I'll use music performance as a comparison. For the casual listener, music is a very pleasant and often exhilarating experience. For the student of music, awareness of compositional techniques, performance issues, and music history do nothing but add to the experience, much as learning a little about cooking enhances the dining experience. For the performer, you must understand the place of every note, every phrase, in the bigger picture. You must know where the difficult and problem spots are in the piece, and have a plan to pick up the pieces if things go wrong. You need to spend time playing the instrument if it's not yours, the acoustics of the hall, anticipation of audience reactions, all sorts of things. The better you plan your performance, the better it will go. As an intuitive musician, one who came to many of these performance mechanisms naturally and without effort or active study, I actually suffer a bit in terms of the discipline of preparation, and repeated "serious" performance has given me a much better idea of what I need to be thinking of when preparing for a concert. 

Combat Commander is exactly the same. If you approach it as a casual, shoot-from-the-hip-with-the-bullets-you-have-right-now game, it's a lot of fun. Knowing how to work your deck for optimal progress adds depth while retaining the fun. But understanding the deep game may, I think, provide the most satisfying experience. I've always thought that ASL players considered the game more of a lifestyle because of the vast ruleset, but it now occurs to me that it's because each scenario, and there must be something bordering on thousands out there now, is it's own puzzle. You don't have the same level of chaos to create the need for as much contingency planning in ASL, but it's still there. In other words, it isn't rules retention as much as the discipline of board and force study.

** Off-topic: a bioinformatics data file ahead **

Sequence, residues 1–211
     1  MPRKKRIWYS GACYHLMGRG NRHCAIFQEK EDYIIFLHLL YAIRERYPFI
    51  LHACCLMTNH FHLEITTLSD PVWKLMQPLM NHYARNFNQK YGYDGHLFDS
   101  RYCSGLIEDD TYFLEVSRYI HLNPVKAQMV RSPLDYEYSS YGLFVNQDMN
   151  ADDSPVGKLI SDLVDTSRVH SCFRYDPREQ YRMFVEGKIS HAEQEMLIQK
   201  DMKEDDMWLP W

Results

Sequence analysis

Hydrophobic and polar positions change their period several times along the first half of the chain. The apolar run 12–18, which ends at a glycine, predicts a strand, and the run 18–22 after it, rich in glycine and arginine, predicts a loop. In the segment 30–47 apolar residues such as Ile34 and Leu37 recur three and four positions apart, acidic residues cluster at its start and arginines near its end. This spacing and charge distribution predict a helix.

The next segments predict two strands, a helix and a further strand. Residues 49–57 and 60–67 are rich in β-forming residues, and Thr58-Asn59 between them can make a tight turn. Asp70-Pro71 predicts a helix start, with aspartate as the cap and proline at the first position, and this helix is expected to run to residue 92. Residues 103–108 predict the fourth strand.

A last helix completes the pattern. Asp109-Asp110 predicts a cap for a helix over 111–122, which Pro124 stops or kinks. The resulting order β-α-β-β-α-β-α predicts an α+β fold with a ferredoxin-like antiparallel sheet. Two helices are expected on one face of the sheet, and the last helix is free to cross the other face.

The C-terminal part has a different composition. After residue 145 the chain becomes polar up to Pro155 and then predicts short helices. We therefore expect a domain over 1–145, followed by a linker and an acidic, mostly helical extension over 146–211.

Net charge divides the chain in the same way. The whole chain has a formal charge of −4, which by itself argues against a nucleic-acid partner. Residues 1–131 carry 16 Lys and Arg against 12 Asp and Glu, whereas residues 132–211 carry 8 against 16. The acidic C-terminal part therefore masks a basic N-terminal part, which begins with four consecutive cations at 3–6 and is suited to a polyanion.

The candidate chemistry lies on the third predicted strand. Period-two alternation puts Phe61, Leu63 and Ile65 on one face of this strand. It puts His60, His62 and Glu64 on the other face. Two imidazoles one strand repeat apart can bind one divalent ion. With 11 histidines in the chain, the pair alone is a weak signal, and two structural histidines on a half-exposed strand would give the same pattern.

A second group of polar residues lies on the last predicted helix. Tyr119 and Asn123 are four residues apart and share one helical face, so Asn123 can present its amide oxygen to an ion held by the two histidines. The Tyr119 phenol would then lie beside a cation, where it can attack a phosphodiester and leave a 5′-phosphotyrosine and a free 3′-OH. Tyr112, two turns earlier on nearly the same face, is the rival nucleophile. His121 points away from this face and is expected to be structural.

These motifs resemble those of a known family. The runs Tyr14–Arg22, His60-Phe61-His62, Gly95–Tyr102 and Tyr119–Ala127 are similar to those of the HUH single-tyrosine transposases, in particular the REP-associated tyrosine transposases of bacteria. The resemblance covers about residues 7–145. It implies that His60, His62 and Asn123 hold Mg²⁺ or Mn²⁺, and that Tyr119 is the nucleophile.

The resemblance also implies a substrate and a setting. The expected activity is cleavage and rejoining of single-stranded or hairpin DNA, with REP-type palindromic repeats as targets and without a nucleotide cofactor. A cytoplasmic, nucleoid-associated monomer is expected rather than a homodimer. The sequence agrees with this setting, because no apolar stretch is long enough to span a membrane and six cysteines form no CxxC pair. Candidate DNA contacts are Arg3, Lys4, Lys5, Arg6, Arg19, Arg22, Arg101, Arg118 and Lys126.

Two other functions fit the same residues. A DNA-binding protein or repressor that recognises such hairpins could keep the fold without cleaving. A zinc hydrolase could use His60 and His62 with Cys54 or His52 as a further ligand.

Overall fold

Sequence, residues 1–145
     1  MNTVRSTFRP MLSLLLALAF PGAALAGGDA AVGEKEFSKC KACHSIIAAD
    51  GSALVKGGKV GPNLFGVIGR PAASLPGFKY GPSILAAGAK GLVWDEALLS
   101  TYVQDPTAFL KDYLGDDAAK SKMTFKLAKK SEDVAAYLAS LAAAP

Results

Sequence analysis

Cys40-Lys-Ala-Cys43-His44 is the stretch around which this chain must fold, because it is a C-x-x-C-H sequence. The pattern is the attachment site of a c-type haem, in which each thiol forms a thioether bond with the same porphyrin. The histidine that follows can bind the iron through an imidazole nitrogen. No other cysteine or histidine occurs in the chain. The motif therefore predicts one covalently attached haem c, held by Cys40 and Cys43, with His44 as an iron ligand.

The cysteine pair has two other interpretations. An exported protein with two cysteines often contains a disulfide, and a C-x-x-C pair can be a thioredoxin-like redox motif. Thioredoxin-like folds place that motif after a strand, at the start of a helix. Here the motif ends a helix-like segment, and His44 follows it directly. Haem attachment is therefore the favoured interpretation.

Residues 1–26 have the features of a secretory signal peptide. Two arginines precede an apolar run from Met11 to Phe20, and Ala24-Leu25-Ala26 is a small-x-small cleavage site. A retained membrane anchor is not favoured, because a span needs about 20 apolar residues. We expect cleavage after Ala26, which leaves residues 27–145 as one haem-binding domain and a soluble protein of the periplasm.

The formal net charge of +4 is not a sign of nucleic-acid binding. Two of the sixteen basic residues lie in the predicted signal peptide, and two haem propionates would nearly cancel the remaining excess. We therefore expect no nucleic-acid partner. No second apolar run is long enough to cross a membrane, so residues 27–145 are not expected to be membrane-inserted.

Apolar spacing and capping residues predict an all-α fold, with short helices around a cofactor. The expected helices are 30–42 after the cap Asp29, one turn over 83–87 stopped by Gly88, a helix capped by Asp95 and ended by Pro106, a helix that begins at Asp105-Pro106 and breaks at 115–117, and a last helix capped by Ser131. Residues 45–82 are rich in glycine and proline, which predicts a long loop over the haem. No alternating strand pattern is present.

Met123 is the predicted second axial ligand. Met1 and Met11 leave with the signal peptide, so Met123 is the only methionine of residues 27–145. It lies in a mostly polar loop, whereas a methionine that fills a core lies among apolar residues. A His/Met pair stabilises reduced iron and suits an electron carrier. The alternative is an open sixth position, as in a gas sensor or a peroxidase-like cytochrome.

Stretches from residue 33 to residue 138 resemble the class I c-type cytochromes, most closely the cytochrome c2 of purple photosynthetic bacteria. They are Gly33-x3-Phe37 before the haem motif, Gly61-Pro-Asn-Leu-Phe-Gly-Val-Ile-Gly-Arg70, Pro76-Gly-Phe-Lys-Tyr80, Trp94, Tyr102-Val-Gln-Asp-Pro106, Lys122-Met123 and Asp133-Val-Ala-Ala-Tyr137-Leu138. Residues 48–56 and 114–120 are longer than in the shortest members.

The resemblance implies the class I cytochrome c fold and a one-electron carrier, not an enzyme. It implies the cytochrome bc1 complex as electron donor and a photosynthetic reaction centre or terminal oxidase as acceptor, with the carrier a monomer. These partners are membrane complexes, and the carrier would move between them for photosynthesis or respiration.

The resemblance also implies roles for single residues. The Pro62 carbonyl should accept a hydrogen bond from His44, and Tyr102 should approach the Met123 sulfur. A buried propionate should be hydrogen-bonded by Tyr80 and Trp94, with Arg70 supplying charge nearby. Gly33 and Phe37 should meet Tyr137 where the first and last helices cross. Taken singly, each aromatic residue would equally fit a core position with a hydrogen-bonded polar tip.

I don't know that CC will become a lifestyle choice for me in the near future, as I'm not sure I can get the quantity of play necessary without resorting to online play. However, it does throw a different light on the game that will dictate scenario choice and preparation time in the future. Instead of trying a new scenario, I may be wanting to repeat scenarios (on an opponent-by-opponent basis - the last thing I need is people who don't want to play me because I've optimized my strategy on a given scenario when they've never played it before), and switch sides on the shorter ones. 

Sure, I feel a little stupid figuring this out so late in the game, but keep in mind that I absorb and retain rules quickly and well, and always have. It's the same with sight-reading music. The result is that things seem so easy, even if I seem to lose frequently, that I make the assumption subconsciously that the tactics and strategy of the game must be equally accessible and obvious. I even know this consciously, but during play it seems to get lost. Where in a game like Age of Renaissance your play is strongly dictated by what cards you draw, in CC your draws are dictated by how you wish to play. Without that lesson firmly in mind, the next step of detailed understanding of the tactical situation can get overlooked. Especially if there are all of these bright shiny scenarios to play! 

So, who's up for a game?